Hump Day Dump: Gaming in Kazakhstan & The Grand Unified Theory

The best writers in tabletop gaming continue to stay indoors and post a lot of thoughtful reading.

Here are 4 fab blog posts from the past week, ranked in order of what I liked…

1. The Gift Economy (Stonemaier Games)
2. Gaming in Kazakhstan, part 2 (Gamerati)
3. 5 Board Games That Were Ahead of Their Times (Clever Move)
4. Towards a Grand Unified Theory of Boardgamery (Big Game Theory)

THE POST OF THE WEEK

The Gift Economy, Jamey Stegmaier
Stonemaier Games, July 15

Inspired by The Gift: Imagination and the Erotic Life of Property by Lewis Hyde. Jamey applies this economic theory to the Kickstarter economy. The point of the book is that a gift creates a debt. And it’s this debt that builds a relationship.

As Jamey concludes, the large number of gifters that contribute to a Kickstarter project builds a community centered around the project creator. In this case, that would be Stonemaier Games, with their Treasure Chest of game accessories.

The post aims to help KS creators appreciate the important relationship they’ve built with their investors.

THE REST OF THE BEST

Gaming in Kazakhstan, Part 2, Chris Rogers
Gamerati, July 15

Not just a discussion of gaming in an obscure part of the world, but also how to take advantage of gaming while traveling anywhere.

I took a trip to Iceland last December and found two opportunities to game, once in a remote & storm-bound hostel, and a 2nd time with a group in Reykjavik that I met on Board Game Geek.

Don’t ever travel without games!

5 Board Games That Were Ahead of Their Times, by Matt M. Casey
Clever Move, July 14

Matt provides some great background on games that didn’t get much love the first time around.

…All right, I’ll tell you two of them: Diplomacy and Acquire.

Towards a Grand Unified Theory of Boardgamery, by Oliver Kiley
Big Game Theory, July 15

It’s not just his research into board game classification, but the links he provides to great research by others, especially Mark Major, of The League of Game Makers.

What I took from it, though, was the inspiration he provided to game reviewers in the final paragraphs.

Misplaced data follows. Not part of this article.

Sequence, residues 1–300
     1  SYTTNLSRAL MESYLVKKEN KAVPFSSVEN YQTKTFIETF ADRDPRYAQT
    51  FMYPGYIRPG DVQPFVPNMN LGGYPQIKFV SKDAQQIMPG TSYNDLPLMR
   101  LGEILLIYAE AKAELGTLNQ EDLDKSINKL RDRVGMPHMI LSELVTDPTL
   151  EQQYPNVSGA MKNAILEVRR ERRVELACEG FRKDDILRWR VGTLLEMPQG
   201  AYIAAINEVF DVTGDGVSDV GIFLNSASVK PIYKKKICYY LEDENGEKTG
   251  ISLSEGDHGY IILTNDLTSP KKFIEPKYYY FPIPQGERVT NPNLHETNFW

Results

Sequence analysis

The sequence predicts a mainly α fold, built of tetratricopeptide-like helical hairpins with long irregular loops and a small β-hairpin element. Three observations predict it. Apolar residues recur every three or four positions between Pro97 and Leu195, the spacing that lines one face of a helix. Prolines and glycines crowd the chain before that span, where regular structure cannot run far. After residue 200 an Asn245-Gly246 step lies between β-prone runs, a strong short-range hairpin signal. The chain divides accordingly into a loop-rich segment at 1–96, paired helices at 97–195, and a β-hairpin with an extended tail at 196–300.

Oliver’s theory

can … provide a useful approach and nomenclature for the critical analysis of games, and in giving game criticism in a more understood language to utilize. So many reviews of games tend to skip across the surface, touching on the 4 main elements (who, what, how, and why)…. Not many reviews get into … the net experience realm.

I would have loved to have made this Post of the Week, but there’s just way too much information to digest in one read-through.

ALSO WORTH A READ

The Eurogames Reclamation Project #1 – Adel Verpflichtet, by Michael Barnes
No High Scores, July 10

Scores points for a spine-shaking first sentence: “Kickstarter’s sewage flow of dungeon-crawling-steampunk-space-marine-versus-Nazi-Cthulhu-zombies continues to beg money out of the hobby…” Commenters have joked about being the first in line to buy that game.

And it loses points for that needless hyperbole. I mean, everyone who’s been following KS closely over the past couple years knows that the quality of offerings is declining as the number of projects is increasing. (See Matt M. Casey’s great post.)

The point of Michael’s screed is to turn our attention away from the “Cult of the New” and show some respect for the groundbreaking German games of the 1990s. This first installment in his series explores a long-forgotten set collection game with a rock-paper-scissors mechanic that’s more familiar to us today by its 2004 edition name, Hoity Toity.

Dominion Randomizer Beta, by Derek
IHeartPrintAndPlay, July 12

Great little app to make choosing Dominion decks much easier!.

Conwy Twitty, by Tony Boydell
Every Man Needs a Shed, July 14

Few people write a session report like Tony. This time around the game is Dominant Species.

Why board games kick arse, part 2, Mike Poole
The Board Game Shed, July 15

Mechanics, of course. A lot of this may seem self-evident to experienced gamers, but it’s a great primer for the casual gamer.

Game Design Analysis – Terra Mystica, Matt Pavlovich
Games Precipice, July 15

Quite long, but if you like the game, then it’s an easy read. I’ve never played it, but Matt’s analysis has me salivating…

Which was your favorite post of the week? Did I forget to include it here? Tell us in the Comments section and we’ll compare notes!

  • Drew is a contributor to the Board Gamers Anonymous podcast. He's a curator by nature, compulsively reading and obsessively organizing what he's read. He's also been a gamer since the age of 3, which means he's been playing board games for... let's just say more than 40 years, and leave it at that...

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